Organizations such as government departments and financial institutions provide online service facilities accessible via an increasing number of internet connected devices which make their operational environment vulnerable to cyber attacks. Consequently, there is a need to have mechanisms in place to detect cyber security attacks in a timely manner. A variety of Network Intrusion Detection Systems (NIDS) have been proposed and can be categorized into signature-based NIDS and anomaly-based NIDS. The signature-based NIDS, which identify the misuse through scanning the activity signature against the list of known attack activities, are criticized for their inability to identify new attacks (never-before-seen attacks). Among anomaly-based NIDS, which declare a connection anomalous if it expresses deviation from a trained model, the unsupervised learning algorithms circumvent this issue since they have the ability to identify new attacks. In this study, we use an unsupervised learning algorithm based on principal component analysis to detect cyber attacks. In the training phase, our approach has the advantage of also identifying outliers in the training dataset. In the monitoring phase, our approach first identifies the affected dimensions and then calculates an anomaly score by aggregating across only those components that are affected by the anomalies. We explore the performance of the algorithm via simulations and through two applications, namely to the UNSW-NB15 dataset recently released by the Australian Centre for Cyber Security and to the well-known KDD'99 dataset. The algorithm is scalable to large datasets in both training and monitoring phases, and the results from both the simulated and real datasets show that the method has promise in detecting suspicious network activities.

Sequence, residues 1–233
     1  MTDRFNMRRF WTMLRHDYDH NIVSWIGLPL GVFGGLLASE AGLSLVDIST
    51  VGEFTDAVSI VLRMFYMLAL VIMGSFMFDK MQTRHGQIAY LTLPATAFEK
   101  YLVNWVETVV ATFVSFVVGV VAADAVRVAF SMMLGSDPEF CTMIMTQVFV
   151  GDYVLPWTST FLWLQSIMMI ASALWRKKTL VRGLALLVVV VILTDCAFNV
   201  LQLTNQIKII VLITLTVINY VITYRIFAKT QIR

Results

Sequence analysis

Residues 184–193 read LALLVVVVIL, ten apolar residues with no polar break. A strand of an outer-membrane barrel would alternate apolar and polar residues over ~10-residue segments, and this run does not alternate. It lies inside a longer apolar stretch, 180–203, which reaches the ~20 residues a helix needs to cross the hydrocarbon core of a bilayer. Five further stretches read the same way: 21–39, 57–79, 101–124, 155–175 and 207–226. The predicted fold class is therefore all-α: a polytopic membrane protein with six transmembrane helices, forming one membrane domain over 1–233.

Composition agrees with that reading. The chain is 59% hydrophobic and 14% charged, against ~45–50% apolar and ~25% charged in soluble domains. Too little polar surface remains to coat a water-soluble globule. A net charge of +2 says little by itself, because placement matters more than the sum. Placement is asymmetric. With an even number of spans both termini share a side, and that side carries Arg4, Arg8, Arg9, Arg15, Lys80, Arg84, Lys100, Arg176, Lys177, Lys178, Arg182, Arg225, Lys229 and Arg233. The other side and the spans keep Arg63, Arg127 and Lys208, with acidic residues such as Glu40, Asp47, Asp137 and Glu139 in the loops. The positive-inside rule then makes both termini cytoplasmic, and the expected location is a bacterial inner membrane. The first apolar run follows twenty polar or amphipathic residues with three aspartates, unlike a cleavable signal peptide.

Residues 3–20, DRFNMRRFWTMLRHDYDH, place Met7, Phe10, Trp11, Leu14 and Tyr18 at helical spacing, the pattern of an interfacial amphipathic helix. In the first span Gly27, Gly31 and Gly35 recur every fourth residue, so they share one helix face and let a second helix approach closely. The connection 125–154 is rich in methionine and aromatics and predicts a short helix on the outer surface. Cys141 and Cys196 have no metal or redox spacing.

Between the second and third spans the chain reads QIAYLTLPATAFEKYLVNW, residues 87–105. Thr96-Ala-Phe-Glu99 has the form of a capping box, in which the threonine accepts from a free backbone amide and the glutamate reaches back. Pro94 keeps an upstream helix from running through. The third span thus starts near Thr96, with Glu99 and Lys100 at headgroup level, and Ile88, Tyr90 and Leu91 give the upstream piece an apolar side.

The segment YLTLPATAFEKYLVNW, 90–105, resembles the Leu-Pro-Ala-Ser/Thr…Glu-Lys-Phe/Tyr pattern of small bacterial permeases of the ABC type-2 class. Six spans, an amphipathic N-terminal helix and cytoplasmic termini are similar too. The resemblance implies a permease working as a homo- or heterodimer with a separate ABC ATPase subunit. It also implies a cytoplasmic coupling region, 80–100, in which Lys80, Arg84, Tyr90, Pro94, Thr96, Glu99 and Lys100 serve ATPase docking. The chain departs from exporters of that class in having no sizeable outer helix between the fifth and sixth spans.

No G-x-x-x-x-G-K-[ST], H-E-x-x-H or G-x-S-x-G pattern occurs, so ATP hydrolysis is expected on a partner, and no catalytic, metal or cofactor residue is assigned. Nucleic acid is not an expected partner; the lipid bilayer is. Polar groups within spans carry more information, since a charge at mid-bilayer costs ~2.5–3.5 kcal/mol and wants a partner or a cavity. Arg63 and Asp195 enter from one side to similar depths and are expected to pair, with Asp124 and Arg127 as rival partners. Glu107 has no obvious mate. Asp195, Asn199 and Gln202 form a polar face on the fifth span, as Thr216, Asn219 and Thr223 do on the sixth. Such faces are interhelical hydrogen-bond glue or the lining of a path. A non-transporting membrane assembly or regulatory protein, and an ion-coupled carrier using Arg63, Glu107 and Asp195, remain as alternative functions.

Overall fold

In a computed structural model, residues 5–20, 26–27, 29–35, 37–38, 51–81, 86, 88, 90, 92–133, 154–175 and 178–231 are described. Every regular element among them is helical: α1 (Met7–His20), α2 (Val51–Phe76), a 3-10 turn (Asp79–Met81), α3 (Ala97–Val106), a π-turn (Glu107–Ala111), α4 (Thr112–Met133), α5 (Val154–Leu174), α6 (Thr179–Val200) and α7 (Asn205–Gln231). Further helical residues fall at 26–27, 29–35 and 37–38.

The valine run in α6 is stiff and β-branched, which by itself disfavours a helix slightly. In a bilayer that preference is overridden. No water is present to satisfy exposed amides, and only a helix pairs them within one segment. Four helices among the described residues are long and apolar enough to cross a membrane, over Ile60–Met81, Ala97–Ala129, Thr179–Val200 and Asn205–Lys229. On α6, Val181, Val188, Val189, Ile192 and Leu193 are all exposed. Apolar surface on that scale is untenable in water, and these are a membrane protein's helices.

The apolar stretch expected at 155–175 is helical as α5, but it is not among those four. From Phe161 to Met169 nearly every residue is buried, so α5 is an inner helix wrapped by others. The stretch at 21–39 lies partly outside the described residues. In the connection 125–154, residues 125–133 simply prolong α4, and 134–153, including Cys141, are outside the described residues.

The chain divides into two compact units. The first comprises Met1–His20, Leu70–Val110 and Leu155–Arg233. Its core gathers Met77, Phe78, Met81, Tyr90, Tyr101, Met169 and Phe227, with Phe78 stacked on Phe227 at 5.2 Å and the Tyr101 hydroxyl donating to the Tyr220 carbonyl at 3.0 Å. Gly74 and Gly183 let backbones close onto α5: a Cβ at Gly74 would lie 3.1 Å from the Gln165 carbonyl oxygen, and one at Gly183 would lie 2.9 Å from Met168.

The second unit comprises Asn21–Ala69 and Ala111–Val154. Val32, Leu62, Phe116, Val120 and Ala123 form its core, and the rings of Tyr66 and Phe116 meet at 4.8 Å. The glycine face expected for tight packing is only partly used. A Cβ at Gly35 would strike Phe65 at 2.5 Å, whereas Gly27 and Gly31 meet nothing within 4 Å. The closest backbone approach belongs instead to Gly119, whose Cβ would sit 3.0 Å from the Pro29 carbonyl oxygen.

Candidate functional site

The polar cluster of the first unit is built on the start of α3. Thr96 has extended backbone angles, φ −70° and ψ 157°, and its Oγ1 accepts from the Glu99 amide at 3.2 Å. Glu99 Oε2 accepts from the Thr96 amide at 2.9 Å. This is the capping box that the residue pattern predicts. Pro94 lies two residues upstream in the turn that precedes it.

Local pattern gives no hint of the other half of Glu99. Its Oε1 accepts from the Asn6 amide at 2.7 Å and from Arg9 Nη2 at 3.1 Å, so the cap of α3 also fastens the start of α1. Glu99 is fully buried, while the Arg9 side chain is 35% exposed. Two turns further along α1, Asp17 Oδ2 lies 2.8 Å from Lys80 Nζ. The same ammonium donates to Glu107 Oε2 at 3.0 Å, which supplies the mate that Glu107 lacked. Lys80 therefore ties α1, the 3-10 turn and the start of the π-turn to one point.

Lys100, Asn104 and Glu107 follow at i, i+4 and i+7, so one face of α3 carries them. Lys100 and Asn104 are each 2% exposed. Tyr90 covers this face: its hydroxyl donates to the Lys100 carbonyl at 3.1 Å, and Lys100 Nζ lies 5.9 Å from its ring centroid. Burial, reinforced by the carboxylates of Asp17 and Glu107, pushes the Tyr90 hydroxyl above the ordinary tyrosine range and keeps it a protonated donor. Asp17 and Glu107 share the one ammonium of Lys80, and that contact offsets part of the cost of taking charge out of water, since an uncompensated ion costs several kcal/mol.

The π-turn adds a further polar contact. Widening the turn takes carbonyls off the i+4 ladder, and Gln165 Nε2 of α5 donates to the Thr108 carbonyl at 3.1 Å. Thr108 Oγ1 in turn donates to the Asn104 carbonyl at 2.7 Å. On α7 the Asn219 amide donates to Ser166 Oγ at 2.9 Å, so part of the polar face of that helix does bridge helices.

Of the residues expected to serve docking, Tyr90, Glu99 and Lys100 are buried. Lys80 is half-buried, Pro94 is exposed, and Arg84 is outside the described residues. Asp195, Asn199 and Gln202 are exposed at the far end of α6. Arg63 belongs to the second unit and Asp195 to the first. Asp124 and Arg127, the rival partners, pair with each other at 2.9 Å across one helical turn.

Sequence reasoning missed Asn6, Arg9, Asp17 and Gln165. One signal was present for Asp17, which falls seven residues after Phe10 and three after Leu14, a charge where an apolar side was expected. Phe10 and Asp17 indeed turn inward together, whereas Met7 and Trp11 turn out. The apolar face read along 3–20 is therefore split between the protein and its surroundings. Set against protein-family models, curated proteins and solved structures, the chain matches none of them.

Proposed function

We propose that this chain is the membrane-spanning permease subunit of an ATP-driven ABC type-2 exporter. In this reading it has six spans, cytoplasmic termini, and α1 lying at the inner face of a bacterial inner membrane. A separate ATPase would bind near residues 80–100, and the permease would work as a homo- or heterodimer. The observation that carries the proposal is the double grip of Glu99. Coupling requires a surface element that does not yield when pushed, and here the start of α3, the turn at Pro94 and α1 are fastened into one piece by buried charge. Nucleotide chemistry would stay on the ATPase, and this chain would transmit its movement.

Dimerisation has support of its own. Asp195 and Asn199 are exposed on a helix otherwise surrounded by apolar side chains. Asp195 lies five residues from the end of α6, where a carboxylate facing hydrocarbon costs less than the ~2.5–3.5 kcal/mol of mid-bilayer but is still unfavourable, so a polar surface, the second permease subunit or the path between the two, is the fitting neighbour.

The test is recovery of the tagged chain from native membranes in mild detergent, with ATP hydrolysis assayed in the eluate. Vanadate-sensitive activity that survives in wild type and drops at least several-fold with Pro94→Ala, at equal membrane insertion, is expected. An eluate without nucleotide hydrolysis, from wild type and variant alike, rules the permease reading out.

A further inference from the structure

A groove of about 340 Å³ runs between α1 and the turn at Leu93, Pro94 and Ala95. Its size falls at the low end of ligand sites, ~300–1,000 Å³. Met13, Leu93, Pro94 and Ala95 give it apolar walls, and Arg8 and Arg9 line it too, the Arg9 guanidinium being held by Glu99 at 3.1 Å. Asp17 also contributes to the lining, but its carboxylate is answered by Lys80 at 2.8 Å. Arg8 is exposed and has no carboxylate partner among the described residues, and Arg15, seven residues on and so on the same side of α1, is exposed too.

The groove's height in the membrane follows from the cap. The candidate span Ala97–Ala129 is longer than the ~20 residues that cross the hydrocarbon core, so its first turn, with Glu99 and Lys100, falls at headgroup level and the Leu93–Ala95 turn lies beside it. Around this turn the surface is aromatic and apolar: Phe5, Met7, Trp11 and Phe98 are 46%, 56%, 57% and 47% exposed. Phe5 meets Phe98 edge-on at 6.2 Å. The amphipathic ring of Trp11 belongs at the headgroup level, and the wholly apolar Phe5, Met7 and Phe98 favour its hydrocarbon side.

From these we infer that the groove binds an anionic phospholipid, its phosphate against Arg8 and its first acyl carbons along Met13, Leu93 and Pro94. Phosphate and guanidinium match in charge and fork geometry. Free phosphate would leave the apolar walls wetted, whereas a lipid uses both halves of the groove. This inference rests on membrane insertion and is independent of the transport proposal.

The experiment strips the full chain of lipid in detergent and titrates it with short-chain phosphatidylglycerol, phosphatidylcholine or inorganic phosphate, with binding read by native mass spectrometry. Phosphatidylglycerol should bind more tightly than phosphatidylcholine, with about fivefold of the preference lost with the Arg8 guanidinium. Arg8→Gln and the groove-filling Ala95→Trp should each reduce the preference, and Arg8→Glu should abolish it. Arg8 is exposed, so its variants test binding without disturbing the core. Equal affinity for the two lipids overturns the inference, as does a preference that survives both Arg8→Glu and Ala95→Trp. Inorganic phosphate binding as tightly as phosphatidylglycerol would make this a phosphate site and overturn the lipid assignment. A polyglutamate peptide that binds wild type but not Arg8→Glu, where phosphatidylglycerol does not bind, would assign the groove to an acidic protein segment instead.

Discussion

Empirically it has been observed that the performance of deep neural networks steadily improves as we increase model size, contradicting the classical view on overfitting and generalization. Recently, the double descent phenomena has been proposed to reconcile this observation with theory, suggesting that the test error has a second descent when the model becomes sufficiently overparameterized, as the model size itself acts as an implicit regularizer. In this paper we add to the growing body of work in this space, providing a careful study of learning dynamics as a function of model size for the least squares scenario. We show an excess risk bound for the gradient descent solution of the least squares objective. The bound depends on the smallest non-zero eigenvalue of the covariance matrix of the input features, via a functional form that has the double descent behavior. This gives a new perspective on the double descent curves reported in the literature. Our analysis of the excess risk allows to decouple the effect of optimization and generalization error. In particular, we find that in case of noiseless regression, double descent is explained solely by optimization-related quantities, which was missed in studies focusing on the Moore-Penrose pseudoinverse solution. We believe that our derivation provides an alternative view compared to existing work, shedding some light on a possible cause of this phenomena, at least in the considered least squares setting. We empirically explore if our predictions hold for neural networks, in particular whether the covariance of intermediary hidden activations has a similar behavior as the one predicted by our derivations.